In 1956, considerable fluctuations in production, inventories and profit baffled managers in General Electric’s household appliance division. Despite supervisory efforts, the variations endured. Traditionally, managers blamed these types of fluctuations on external causes, like business cycles.
Jay Forrester, a systems scientist at MIT, spoke with the individual managers and observed their departments. He discovered these fluctuations were not the result of exogenous events, but rather actions taken by the managers themselves. By responding to whatever information was locally available, managers at each link of the supply chain altered supplier orders to compensate for order and inventory variations. Each was seemingly rationally doing their best to control their piece of the organization.
The results, though, were changes in orders, production, hiring and more. And this fed back to alter inventories, backlogs, prices and advertising, heightening instability for the system as a whole.
Later termed the “bullwhip effect”, this important supply chain phenomenon continues today. But new research suggests there’s a simple solution for alleviating one of the major causes of this destabilizing effect.
Understanding the bullwhip effect
As demand moves up the supply chain, from consumers to stores to suppliers, it becomes more and more unpredictable. A small change in downstream demand near the end consumer ripples back through the tiers of supply with increasingly greater magnitude.
In their 1997 groundbreaking paper, Stanford Professors Hau L. Lee, V. Padmanabhan, and Seungjin Whang theorized four different factors that might be driving the bullwhip effect:
- Demand forecast updating: Traditionally, companies in a supply chain forecast demand by looking at historical data on their own direct customers. Since the upstream chains see fluctuations in demand from the bullwhip effect downstream, those members order accordingly, creating greater swings for the upstream suppliers
- Order batching: The companies that place orders on upstream suppliers tend to do so periodically. To last several days or weeks, they’ll order a batch of an item, reducing transportation and transaction costs. This creates larger demand fluctuations further up the chain
- Price fluctuation: A common practice in the grocery industry, frequent price changes lead buyers to purchase large quantities when prices are low, and avoid buying when prices are high. This wreaks havoc on the supply chain upstream
- Rationing and shortage gaming: Some industries face varying periods of oversupply and undersupply. When buyers know that a shortage is forthcoming, they increase their order size to ensure they’ll have what they need
The influence of human behavior on the bullwhip effect is clear, and the fear of loss, or of being wrong is still a key factors issue in supply-chain management.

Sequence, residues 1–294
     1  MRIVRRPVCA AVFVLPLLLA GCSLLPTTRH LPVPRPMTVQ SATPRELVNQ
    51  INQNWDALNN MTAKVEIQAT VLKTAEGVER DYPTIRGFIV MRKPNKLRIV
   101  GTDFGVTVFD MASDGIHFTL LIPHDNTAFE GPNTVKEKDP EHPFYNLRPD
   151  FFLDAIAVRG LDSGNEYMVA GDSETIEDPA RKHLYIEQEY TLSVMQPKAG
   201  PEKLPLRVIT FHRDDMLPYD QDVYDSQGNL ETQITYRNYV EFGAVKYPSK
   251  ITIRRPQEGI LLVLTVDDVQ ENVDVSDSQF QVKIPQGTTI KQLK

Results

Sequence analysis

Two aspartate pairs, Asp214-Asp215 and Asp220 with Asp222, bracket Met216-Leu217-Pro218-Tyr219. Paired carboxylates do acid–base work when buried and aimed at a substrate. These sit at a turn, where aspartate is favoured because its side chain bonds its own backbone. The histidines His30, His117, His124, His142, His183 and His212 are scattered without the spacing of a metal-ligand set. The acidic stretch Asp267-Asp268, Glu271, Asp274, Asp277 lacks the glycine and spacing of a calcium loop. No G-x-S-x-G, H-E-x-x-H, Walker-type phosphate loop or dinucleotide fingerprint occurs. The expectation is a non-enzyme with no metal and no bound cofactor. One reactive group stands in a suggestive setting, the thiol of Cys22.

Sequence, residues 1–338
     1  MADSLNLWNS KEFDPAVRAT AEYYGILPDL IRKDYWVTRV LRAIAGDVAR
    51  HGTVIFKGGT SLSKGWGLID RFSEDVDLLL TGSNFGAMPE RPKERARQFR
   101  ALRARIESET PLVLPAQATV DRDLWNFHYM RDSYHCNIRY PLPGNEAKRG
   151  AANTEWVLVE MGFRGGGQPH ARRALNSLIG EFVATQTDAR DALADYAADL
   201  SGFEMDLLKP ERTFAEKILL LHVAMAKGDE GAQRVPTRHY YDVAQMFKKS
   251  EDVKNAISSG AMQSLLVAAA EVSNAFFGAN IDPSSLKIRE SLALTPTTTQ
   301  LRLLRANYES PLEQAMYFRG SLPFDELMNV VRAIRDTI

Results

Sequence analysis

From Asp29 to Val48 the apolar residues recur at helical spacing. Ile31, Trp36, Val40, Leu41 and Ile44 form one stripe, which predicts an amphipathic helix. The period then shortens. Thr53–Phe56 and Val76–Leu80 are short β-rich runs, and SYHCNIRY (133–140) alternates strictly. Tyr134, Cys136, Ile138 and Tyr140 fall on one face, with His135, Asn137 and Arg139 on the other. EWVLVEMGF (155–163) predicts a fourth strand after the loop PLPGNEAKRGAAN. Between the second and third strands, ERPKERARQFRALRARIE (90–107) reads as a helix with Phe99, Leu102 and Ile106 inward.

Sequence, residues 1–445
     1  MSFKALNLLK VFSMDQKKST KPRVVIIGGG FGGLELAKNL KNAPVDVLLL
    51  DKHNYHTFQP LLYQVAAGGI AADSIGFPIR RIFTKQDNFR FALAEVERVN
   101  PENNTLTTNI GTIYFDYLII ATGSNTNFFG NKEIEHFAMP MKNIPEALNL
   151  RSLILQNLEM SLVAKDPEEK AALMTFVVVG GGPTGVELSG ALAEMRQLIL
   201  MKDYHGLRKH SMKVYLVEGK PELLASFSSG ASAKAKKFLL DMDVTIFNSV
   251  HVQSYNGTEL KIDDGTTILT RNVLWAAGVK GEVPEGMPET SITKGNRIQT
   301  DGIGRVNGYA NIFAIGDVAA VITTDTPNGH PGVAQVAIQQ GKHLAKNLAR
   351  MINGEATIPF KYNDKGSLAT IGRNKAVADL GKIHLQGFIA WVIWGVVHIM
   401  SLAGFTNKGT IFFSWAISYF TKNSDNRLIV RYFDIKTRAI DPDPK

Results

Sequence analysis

Alleviating inventory runs
Just like the bank runs that caused much of the economic damage in the Great Depression, when a retailer sees that a supplier is on the verge of running out of an item, they order an inordinate amount in the hopes of keeping their shelves well stocked.
In a new study, Robert Bray, Yuliang Yao, Yongrui Duan and Jiazhen Huo, found the first ever hard evidence of what they call “inventory runs.” Analyzing data from a major Chinese grocery chain, the researchers found that each store manager placed their orders on a computer system that also let them see the current inventory in the distribution center’s warehouse. The store managers used this information when deciding how much of a product to order, and when the distribution centers looked like they were about to stock out of an item, the managers all increased their order quantities. These inventory runs contributed significantly to the bullwhip effect for this supply chain.
The researchers simulated what would have happened if the stores had not been able to see the inventory level of the distribution center, and they found the distribution center would have seen 11% less fluctuation in day-to-day orders.
Sharing information tends to lead to better, more efficient outcomes for everyone in a supply chain, and since much of the source of the bullwhip effect is rooted in batching due to an unclear picture of downstream or end-consumer demand, it is hard to argue for less visibility. So, what lessons can we draw from these findings.
It's important to note researchers Bray, Yao, Duan and Huo were looking at behaviors occurring inside a particular organization’s distribution network, consisting of distribution centers and retail stores.
Major CPG companies and retailers are colossal organizations with massive volumes of good running through the different tiers of their internal distribution networks. 11% fewer fluctuations within these large, if internal, supply chain networks, would contribute significantly to mitigation of bullwhip effect in the entire upstream supply chain.
While hiding distribution center inventory levels from retail store managers (as the authors suggest) might work in the short run, we suspect that in the absence of visibility and predictability of supply, the risk averse overordering behavior would spread to all SKUs over time, thereby raising store inventory.
A better approach would be to consider the organization as a whole, rather than leave store managers to operate independently, in isolation. Better enterprise-wide outcomes are founded on:
- Reliably better demand forecasts, considering the effect of promotions and other demand drivers at the store-SKU level
- Enterprise-wide inventory optimization, considering stock at all tiers simultaneously, and
- Setting up an allocation policy framework for constrained supply situations, and tracking compliance of stores to the recommended inventory levels
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